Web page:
Don Sharp: Film director who made his mark with 'Kiss of the Vampire'

He gave depth to the characters that was often missing in other productions by Hammer

A string of British horror films in the 1960s carved out a place in cinema history for the Australian director Don Sharp, although his achievements tended to receive recognition from a cult audience rather than the film industry's movers and shakers. He seized his chance when Hammer Films, in the financial doldrums after two expensive flops – The Curse of the Werewolf and The Phantom of the Opera – and with its most experienced director, Terence Fisher, taking a break, was looking for someone to make Kiss of the Vampire (1963) on a low budget and without the company's top two star attractions, Christopher Lee and Peter Cushing.

Sharp responded admirably, creating atmospheric, suspenseful gothic horror and giving a depth to the characters that was sometimes missing in Hammer's other vampire productions. Clifford Evans, whose recent experience had been mostly in television, was brought in to take the Van Helsing-like role of the drunk but sharp-witted professor warning a honeymoon couple whose car breaks down in Bavaria that vampires inhabit a nearby château. Although it was his first horror film, Sharp left a firm imprint. The masquerade ball scene stood out to the extent that the director Roman Polanski spoofed it in his homage to Hammer, The Fearless Vampire Killers (1967).

With the benefit of Christopher Lee in the starring role, Sharp went on to direct two more Hammer films, The Devil-Ship Pirates (1964) and Rasputin: The Mad Monk (1966), but he also continued with the horror genre for other companies. Again with Lee, he was hired by the producer Harry Allan Towers to make The Face of Fu Manchu (1965), reviving Sax Rohmer's stories of the evil genius 25 years after they had last been brought to the screen. With the new film, shot in Ireland, Sharp created an eerie atmosphere which combined with good-looking sets and costumes. Although the picture received mixed reviews, it led to four sequels starring Lee, although Sharp directed only the first, The Brides of Fu Manchu (1966).

Born in Hobart, Tasmania, Don Sharp attended St Virgil's College on the island. During the Second World War he served with the Royal Australian Air Force, rising to corporal. He then worked as an actor on stage and radio in Australia and Japan before moving to Britain in 1948. After acting in London and provincial theatres, he made an impression on screen with the B-movie Ha'penny Breeze (1950), co-writing it and starring as the Australian friend of a Suffolk man reviving his post-war village by starting a yachting industry.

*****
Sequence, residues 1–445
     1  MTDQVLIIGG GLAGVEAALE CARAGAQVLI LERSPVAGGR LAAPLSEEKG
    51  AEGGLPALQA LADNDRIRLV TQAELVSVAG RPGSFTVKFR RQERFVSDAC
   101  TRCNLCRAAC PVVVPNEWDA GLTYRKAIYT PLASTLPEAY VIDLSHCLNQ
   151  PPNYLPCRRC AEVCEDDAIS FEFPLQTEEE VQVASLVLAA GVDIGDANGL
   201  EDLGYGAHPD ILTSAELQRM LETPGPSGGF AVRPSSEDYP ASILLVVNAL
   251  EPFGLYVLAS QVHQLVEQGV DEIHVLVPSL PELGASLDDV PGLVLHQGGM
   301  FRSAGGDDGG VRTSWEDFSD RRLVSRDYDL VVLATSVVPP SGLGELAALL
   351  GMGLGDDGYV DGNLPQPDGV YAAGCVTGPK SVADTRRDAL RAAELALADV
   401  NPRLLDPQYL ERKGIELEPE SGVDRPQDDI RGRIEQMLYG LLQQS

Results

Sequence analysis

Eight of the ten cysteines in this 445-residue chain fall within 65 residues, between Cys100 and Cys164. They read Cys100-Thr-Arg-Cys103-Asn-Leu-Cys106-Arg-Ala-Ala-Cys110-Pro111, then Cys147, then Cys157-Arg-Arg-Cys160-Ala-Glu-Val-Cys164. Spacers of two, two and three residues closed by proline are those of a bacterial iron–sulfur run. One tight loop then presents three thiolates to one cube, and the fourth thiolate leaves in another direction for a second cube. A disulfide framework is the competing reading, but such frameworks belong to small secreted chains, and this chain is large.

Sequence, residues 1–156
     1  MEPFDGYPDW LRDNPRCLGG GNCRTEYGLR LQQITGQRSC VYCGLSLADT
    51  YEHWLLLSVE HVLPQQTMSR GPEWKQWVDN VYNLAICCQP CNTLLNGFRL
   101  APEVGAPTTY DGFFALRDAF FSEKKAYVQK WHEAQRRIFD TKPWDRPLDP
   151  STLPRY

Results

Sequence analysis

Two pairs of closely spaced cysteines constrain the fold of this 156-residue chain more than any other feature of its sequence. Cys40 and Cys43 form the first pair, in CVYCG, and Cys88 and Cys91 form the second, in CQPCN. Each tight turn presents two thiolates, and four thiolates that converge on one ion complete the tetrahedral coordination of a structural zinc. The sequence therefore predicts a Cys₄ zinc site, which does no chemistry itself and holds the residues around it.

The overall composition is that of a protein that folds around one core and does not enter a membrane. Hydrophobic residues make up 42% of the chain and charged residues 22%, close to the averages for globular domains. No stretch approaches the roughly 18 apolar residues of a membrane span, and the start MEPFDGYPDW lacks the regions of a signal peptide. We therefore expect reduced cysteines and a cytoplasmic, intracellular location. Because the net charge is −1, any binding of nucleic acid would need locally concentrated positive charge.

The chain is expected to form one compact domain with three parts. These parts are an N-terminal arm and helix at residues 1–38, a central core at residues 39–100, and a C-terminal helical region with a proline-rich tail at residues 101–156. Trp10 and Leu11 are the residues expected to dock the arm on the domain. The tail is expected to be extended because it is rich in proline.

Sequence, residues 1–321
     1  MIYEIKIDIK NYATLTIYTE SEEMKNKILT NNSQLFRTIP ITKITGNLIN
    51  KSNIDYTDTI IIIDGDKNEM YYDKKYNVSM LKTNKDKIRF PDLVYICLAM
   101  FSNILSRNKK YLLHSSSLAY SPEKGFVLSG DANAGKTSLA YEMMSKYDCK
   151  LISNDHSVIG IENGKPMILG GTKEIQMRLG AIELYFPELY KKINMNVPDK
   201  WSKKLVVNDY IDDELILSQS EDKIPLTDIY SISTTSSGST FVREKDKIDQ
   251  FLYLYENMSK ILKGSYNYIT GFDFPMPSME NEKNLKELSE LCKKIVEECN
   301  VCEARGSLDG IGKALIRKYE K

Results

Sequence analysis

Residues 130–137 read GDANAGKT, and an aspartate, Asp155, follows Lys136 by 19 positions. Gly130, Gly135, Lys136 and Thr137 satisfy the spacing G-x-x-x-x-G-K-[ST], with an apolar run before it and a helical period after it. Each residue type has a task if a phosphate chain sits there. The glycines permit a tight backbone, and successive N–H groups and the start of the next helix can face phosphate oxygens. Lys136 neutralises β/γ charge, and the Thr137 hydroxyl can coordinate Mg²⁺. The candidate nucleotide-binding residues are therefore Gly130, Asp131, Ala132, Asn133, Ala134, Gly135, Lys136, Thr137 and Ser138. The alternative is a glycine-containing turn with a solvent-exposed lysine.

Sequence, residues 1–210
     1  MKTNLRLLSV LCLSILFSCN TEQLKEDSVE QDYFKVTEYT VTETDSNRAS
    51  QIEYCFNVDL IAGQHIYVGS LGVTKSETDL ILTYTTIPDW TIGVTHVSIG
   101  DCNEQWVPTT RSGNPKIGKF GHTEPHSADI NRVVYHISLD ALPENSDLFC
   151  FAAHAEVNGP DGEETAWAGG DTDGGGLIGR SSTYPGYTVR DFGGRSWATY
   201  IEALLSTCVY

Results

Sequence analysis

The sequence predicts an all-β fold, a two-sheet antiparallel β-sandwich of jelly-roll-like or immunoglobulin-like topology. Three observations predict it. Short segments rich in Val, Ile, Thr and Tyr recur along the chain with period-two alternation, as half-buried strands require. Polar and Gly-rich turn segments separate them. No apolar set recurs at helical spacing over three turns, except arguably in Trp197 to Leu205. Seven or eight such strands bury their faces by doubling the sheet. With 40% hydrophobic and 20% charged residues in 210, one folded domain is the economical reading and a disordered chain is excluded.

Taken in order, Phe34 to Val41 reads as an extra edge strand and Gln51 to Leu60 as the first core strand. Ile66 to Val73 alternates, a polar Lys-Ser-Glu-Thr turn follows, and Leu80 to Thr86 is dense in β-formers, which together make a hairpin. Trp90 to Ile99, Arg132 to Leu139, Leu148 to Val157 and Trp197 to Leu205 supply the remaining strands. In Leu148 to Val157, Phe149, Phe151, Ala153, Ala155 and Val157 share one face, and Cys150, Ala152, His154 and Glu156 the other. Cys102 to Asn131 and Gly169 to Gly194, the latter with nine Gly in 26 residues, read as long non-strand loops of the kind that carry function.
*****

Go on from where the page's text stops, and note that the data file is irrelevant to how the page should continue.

Sharp appeared in four more films, including The Cruel Sea and You Know What Sailors Are! (both 1953), and played Stephen "Mitch" Mitchell in the BBC radio sci-fi serial Journey into Space (1953-54), and Sam in its sequel, The Red Planet (1954-55). Then, having had some success with his 1954 novel Conflict of Wings, about a bird sanctuary being taken over by an RAF station, which was turned into a film starring John Gregson, Sharp abandoned acting to follow his ambition to write and direct. He began with a Children's Film Foundation production, The Stolen Airliner (1955), which demonstrated his ability to keep the action fast-paced.

In 1958 he tapped into the emerging rock'n'roll scene with The Golden Disc, casting Mary Steele, whom he had married two years earlier, as one of two young people turning a café into a coffee bar with singers performing a wide range of music. Five years later Sharp directed It's All Happening, with the pop singer Tommy Steele arranging a charity concert to save an orphanage.

He also directed television series such as the crime drama Ghost Squad (1961-62) and The Human Jungle (1963),and gained valuable experience assecond unit director on Carve Her Name with Pride (1958) and Those Magnificent Men in Their Flying Machines (1965). Sharp's success with The Kiss of the Vampire led him to direct Witchcraft (1964), starring Lon Chaney Jr, and Curse of the Fly (1965), minus Vincent Price, who had appeared in the first two in the series.

In a different vein, he made the comedies Our Man in Marrakesh (1966) and Rocket to the Moon (1967), inspired by Jules Verne's writings and starring Burl Ives, Jimmy Clitheroe and Terry-Thomas. Then came the thrillers Dark Places (1973), again with Christopher Lee – whom he directed six times, finishing with Bear Island (1979) – Psychomania (1973), Hennessy (1975), an IRA drama starring Rod Steiger, and the big-screen version of the television spy series Callan (1974).

Bravely, Sharp also brought a new version of John Buchan's novel The Thirty-Nine Steps to the screen in 1978, 43 years after Alfred Hitchcock's classic. Although not on the same level as the original, Sharp's version was more faithful to the book, but he made the ending more cinematic, with Robert Powell clinging to the hands of Big Ben. Similarly, he remade The Four Feathers (1978) as a television film.

Sharp also worked with Alistair MacLean on the 1971 screenplay of the thriller writer's novel Puppet on a Chain, directed by Geoffrey Reeve, but directed a dramatic boat-chase scene through Amsterdam himself. Most of Sharp's later work was in television. Having previously directed episodes of The Avengers (1968) and The Champions (1969), he made mini-series of the Barbara Taylor Bradford novels A Woman of Substance (1984), Hold the Dream (1986) and Act of Will (1989).

Anthony Hayward

Donald Herman Sharp, director and writer: born Hobart, Tasmania 19 April 1921; married 1956 Mary Steele; died 18 December 2011.